United States District Court, M.D. North Carolina
CARLTON TILLEY, JR. SENIOR UNITED STATES DISTRICT JUDGE
Recommendation of the United States Magistrate Judge [Doc.
#13] was filed with the Court in accordance with 28 U.S.C.
§ 636(b) and, on July 29, 2016, was served on the
parties in this action. Plaintiff Kelly Bryan-Tharpe filed
Objections to the Magistrate Judge's Recommendation
within the time limits prescribed by 28 U.S.C. § 636.
[Doc. # 15].
Court has appropriately reviewed the portions of the
Magistrate Judge's Recommendation to which objection is
made and has made a de novo determination in accord
with the Magistrate Judge's thoroughly reasoned report.
As the Magistrate Judge explained, “following
Mascio [v. Colvin, 780 F.3d 632 (4th Cir. 2015)],
federal district courts in the Fourth Circuit have split on
whether a restriction to non-production work adequately
accounts for moderate limitations in [concentration,
persistence, or pace].” (Recommendation at 9-10.)
However, not only does the Magistrate Judge's review of
case law (see id. at 10-19) support the conclusion
that, in this case, such a restriction is sufficient, but,
so, too, does a comparison of the underlying facts of many
district court cases within the Fourth Circuit, (see,
e.g., Ross v. Colvin, No. TMD 15-1146, 2016 WL
4364146 (D. Md. Aug. 16, 2016) (affirming); Scruggs v.
Colvin, No. 3:14-cv-00466-MOC, 2015 WL 2250890 (W.D.
N.C. May 12, 2015) (remanding)), with those of
case is distinguishable from those where the courts have
concluded that a limitation to simple, routine, repetitive
tasks in a non-production environment does not account for a
claimant's moderate limitations in concentration,
persistence, or pace. Here, for example, the ALJ recognized
that Bryan-Tharpe testified that she had trouble
concentrating and focusing, but that she also enjoyed doing
crossword puzzles, which, according to the ALJ, would require
more than a basic level of concentration and focus. (Tr. 24.)
Both state agency psychological consultants, whose opinions
as to Bryan-Tharpe's mental residual functional capacity
the ALJ afforded great weight (id. at 25), opined
that Bryan-Tharpe was moderately limited in her ability to
carry out detailed instructions, to maintain attention and
concentration for extended periods, and to complete a normal
workday and workweek without interruptions from
psychologically based symptoms and perform at a consistent
pace without an unreasonable number and length of rest
periods (id. at 95, 118).
other hand, they opined that she was not significantly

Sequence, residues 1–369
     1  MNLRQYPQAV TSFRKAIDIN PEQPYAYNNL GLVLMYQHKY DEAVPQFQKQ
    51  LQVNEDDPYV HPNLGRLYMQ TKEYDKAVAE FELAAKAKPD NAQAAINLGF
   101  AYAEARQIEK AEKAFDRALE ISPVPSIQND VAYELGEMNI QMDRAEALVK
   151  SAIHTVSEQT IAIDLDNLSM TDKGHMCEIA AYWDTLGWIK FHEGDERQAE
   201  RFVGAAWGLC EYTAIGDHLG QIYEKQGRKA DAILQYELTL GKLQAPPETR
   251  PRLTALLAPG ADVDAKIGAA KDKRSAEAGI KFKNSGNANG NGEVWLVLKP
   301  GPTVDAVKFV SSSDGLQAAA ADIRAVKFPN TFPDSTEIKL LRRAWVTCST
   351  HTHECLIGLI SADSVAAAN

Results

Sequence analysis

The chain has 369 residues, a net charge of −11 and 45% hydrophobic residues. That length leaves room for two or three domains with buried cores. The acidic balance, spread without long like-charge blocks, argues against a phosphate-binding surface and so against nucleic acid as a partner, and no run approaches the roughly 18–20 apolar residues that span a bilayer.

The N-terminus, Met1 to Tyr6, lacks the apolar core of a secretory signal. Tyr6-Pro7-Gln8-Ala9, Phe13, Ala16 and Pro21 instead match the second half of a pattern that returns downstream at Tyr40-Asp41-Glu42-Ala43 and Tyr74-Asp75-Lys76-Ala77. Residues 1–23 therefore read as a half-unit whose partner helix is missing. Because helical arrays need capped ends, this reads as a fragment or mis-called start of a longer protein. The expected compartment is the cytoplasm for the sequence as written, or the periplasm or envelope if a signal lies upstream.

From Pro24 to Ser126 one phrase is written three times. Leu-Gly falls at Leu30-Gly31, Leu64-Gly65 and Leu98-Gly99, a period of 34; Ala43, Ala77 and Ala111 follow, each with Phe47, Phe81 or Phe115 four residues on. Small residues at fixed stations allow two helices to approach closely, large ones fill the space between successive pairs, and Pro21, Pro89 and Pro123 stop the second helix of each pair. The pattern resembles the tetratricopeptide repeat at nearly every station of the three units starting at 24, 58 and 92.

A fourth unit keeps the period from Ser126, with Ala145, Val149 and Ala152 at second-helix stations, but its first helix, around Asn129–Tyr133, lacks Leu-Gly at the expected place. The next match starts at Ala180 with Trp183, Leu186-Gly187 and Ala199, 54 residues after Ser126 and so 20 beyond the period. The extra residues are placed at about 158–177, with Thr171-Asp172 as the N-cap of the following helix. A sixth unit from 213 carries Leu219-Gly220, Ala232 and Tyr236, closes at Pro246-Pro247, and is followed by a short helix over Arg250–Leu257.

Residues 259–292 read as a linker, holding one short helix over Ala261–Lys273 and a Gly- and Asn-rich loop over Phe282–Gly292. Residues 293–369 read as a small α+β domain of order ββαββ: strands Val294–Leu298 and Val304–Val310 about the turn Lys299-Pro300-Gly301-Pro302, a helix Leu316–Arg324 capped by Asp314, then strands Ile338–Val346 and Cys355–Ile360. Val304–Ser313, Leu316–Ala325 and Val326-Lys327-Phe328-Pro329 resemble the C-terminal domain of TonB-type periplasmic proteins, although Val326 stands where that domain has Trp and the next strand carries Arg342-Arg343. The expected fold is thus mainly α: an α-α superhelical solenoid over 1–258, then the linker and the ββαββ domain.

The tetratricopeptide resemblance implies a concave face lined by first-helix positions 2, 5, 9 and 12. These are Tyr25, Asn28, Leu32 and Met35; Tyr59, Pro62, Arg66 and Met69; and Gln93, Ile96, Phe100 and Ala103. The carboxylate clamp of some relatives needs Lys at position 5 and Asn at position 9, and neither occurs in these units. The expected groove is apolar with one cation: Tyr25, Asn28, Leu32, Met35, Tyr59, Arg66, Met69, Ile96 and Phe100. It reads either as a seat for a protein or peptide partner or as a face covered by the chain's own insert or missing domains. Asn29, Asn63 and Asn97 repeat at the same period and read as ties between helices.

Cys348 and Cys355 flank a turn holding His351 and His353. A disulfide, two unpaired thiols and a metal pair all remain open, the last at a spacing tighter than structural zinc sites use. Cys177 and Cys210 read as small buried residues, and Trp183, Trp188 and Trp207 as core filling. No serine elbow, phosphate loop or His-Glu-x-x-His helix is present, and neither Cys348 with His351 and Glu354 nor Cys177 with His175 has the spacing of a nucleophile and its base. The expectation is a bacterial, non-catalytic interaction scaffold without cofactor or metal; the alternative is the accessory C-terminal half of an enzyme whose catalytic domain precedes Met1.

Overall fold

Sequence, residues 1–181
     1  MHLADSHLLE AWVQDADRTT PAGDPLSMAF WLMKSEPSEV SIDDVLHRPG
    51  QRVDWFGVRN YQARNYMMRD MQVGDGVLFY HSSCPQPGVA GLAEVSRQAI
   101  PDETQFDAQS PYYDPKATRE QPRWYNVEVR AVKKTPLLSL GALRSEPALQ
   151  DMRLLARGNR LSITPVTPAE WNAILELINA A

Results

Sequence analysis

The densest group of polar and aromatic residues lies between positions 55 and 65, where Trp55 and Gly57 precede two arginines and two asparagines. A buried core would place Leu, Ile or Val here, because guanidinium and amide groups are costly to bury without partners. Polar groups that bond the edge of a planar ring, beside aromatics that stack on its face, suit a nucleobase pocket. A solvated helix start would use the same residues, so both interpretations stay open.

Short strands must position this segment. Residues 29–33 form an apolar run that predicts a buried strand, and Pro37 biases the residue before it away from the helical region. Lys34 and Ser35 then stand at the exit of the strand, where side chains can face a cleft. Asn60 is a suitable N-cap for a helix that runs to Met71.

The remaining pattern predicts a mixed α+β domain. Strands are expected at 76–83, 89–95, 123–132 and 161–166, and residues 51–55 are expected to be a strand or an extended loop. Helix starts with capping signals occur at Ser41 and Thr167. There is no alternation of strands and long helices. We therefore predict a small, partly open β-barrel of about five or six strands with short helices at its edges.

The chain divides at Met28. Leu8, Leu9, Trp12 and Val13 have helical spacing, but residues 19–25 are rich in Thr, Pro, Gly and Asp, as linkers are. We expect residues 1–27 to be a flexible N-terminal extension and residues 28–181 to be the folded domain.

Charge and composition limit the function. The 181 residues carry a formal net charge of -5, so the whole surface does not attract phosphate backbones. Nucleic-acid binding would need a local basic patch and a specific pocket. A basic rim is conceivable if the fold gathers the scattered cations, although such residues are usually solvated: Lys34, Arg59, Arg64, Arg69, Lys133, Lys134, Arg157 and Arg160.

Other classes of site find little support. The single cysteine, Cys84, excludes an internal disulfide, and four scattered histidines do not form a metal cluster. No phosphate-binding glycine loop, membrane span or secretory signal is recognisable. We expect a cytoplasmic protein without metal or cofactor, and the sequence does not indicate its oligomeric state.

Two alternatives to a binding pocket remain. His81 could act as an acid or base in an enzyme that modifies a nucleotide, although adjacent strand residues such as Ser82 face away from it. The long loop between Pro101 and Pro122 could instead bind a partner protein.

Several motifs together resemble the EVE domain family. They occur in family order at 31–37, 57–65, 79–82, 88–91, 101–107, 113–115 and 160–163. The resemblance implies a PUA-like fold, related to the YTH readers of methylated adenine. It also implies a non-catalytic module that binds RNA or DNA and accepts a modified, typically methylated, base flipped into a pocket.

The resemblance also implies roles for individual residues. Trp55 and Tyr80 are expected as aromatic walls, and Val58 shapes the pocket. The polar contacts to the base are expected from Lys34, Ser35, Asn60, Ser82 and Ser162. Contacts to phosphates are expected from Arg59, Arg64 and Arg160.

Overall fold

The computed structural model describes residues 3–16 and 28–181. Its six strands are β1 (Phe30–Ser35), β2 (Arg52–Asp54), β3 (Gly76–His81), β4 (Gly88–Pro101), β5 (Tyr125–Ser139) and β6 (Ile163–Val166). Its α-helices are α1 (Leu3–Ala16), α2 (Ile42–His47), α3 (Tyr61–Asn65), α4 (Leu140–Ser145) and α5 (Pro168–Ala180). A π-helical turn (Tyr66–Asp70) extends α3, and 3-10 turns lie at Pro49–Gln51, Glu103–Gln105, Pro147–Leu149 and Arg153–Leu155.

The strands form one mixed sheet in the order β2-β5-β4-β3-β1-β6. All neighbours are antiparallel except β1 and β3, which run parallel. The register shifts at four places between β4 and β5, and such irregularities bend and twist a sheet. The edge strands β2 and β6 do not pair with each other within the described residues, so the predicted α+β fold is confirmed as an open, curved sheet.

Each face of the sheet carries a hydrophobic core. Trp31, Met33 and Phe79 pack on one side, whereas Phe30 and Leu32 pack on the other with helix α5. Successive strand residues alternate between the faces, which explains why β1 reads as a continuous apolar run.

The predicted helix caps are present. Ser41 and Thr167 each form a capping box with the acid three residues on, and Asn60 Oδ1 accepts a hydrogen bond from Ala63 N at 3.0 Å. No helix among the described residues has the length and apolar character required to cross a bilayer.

limited in her ability to carry out very short and simple
instructions, to perform activities without a schedule,
maintain regular attendance, and be punctual within customary
tolerances, to sustain an ordinary routine without special
supervision, to work in coordination with or in proximity to
others without being distracted by them, and to make simple
work-related decisions. (Id. at 95, 118.) When asked
to explain in narrative form the sustained concentration and
persistence limitations they had previously indicated, both
consultants stated, “Claimant would be able to maintain
attention and concentration for two hours at a time as
required for the performance of simple tasks at a non rapid
pace.” (Id. at 95-96, 118.)
determined that Bryan-Tharpe's “mental
impairments” resulted mainly from her physical
impairments and situational stressors such as family illness
and financial issues. (Id. at 24.) When the ALJ
asked the vocational expert the ever-important hypothetical,
the ALJ included the following, “The individual would
be further limited to simple, routine, repetitive-type tasks
and finally needs to avoid production work or similar
fast-paced jobs with deadlines and quotas.”
(Id. at 57.)
on its face the limit in the residual functional capacity to
a non-production environment mirrors some restrictions found
to be insufficient, the context within which the ALJ
developed the non-production environment restriction here
supports that, in this case, such a restriction does account
for Bryan-Tharpe's moderate limitations in concentration,
persistence, and pace.
a review of the record also supports the ALJ's affording
the Physical Residual Functional Capacity Questionnaire from
Bryan-Tharpe's treating physician little weight, as the
Magistrate Judge explained. Therefore, the Court adopts the
Magistrate Judge's Recommendation.
THEREFORE ORDERED that the Commissioner's decision
finding no disability is affirmed, that Plaintiff's
Motion for Judgment on the Pleadings [Doc. # 9] is denied,
and that the Commissioner's Motion for Judgment on the
Pleadings [Doc. # 11] is granted. A Judgment dismissing this
action will be entered contemporaneously with this Order.
On January 23, 2017, Nancy A. Berryhill
became the Acting Commissioner of Social Security. She is,
therefore, substituted as Defendant in this matter.